For consumers, pop-ups offer something different – and that is incredibly valuable at a time when people seem to be less interested than ever in spending time in physical stores. Most of us would prefer to shop online if we know what we’re looking for – it’s quicker and more convenient, and you can even do it in your pants while watching Netflix if you so desire – but the prospect of peeling yourself off the sofa and heading into town becomes a lot more exciting when it comes with the prospect of getting your hands on exclusive products or seeing a gig, a talk or a celebrity at the same time.
Sasheer Zamata’s laughing car wash installation at 29Rooms. Photo: Nicholas Hunt / Getty Images for Refinery29
Perhaps then, the key to a good pop-up is creating a space where people will have a good time. It sounds simple, but pop-ups are often over-complicated, unnecessarily elitist or exclusive and driven by trends and hashtags rather than thinking, who is your audience? And what is the right kind of experience that speaks to them and to your brand?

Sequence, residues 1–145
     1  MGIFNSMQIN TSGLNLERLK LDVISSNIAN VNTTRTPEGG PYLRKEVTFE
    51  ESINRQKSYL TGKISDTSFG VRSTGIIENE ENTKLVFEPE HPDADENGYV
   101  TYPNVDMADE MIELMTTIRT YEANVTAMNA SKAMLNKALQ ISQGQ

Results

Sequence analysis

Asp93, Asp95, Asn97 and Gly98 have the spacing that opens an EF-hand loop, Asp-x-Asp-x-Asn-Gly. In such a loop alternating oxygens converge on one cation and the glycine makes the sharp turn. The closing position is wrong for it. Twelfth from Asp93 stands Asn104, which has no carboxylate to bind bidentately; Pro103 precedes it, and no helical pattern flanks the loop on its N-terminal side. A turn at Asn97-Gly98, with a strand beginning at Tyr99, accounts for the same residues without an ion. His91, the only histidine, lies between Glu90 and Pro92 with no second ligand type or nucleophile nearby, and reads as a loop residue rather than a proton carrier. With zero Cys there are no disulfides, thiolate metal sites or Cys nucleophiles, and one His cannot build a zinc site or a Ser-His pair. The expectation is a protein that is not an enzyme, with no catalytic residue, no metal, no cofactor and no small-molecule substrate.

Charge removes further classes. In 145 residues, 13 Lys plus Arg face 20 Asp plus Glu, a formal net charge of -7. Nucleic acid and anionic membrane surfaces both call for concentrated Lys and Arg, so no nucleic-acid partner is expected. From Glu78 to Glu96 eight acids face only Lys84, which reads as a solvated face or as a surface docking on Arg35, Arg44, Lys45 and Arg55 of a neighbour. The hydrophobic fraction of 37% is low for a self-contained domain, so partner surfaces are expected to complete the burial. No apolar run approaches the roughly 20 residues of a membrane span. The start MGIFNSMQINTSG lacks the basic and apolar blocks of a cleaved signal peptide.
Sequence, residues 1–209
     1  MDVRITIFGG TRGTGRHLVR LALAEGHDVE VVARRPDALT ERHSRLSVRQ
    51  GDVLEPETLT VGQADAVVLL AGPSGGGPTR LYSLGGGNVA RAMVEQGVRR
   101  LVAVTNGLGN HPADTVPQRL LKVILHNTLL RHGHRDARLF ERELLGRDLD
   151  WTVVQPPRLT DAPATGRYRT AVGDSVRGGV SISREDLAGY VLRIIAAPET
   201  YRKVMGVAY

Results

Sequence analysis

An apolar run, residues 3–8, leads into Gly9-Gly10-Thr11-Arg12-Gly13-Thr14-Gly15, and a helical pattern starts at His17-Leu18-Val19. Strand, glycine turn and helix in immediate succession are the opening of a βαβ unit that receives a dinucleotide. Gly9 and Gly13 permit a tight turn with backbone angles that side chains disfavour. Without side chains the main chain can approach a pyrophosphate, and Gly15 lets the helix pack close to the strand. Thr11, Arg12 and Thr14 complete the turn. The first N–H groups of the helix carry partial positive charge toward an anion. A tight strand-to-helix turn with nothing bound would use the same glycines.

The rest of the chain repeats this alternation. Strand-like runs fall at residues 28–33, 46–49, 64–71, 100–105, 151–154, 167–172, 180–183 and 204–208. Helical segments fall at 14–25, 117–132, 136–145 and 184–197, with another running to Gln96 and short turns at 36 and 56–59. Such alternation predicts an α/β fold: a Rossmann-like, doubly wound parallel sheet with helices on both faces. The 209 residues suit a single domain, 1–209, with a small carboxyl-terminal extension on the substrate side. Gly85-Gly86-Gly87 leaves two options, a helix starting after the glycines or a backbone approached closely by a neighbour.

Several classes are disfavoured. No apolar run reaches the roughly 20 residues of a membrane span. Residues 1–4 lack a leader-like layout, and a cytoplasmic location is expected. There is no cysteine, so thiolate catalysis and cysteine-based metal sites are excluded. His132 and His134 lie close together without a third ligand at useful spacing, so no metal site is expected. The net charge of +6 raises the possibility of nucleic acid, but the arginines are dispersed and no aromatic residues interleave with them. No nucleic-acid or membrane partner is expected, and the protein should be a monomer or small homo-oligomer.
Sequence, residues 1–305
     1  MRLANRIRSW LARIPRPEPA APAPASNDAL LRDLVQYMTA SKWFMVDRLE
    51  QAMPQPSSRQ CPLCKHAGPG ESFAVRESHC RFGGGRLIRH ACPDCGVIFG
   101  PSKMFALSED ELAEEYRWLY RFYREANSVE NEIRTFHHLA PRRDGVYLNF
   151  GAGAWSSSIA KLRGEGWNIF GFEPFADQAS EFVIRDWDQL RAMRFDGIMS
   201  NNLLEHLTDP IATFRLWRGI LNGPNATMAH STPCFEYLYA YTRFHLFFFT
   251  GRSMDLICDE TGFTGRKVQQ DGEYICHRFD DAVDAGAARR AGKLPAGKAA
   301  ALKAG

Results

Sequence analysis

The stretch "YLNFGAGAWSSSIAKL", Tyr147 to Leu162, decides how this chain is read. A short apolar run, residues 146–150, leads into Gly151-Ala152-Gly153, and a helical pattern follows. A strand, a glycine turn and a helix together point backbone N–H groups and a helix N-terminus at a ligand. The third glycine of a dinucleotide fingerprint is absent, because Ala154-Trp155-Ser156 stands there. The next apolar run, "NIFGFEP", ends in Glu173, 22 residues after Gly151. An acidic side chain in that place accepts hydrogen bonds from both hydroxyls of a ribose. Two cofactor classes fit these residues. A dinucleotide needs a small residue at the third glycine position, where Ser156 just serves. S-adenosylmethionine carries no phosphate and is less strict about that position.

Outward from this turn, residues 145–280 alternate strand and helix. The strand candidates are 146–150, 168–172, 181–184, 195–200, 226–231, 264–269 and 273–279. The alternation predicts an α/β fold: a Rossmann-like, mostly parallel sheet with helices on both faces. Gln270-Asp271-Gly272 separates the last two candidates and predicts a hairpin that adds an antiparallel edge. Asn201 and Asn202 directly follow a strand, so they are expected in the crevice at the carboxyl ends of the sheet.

It’s not about creating something that only a select few can join in with, or creating something that feels like a purely promotional exercise (or an attempt to capitalise on trends), but rather, making something that is genuinely fun, exciting and offers the chance to see, experience or take home something special – something that can only be encountered in that space at that particular time. Penguin and Waterstones’ pop-up worked because it had a simple premise – to champion female writers and great storytelling – while 29Rooms featured inspiring interactive artworks that reflected the brand’s focus on creativity and female empowerment. For the consumers who visited them, these pop-ups had a clear purpose, and aimed to deliver something unexpected and enjoyable for them to take part in. The post How to make a good pop-up appeared first on Creative Review.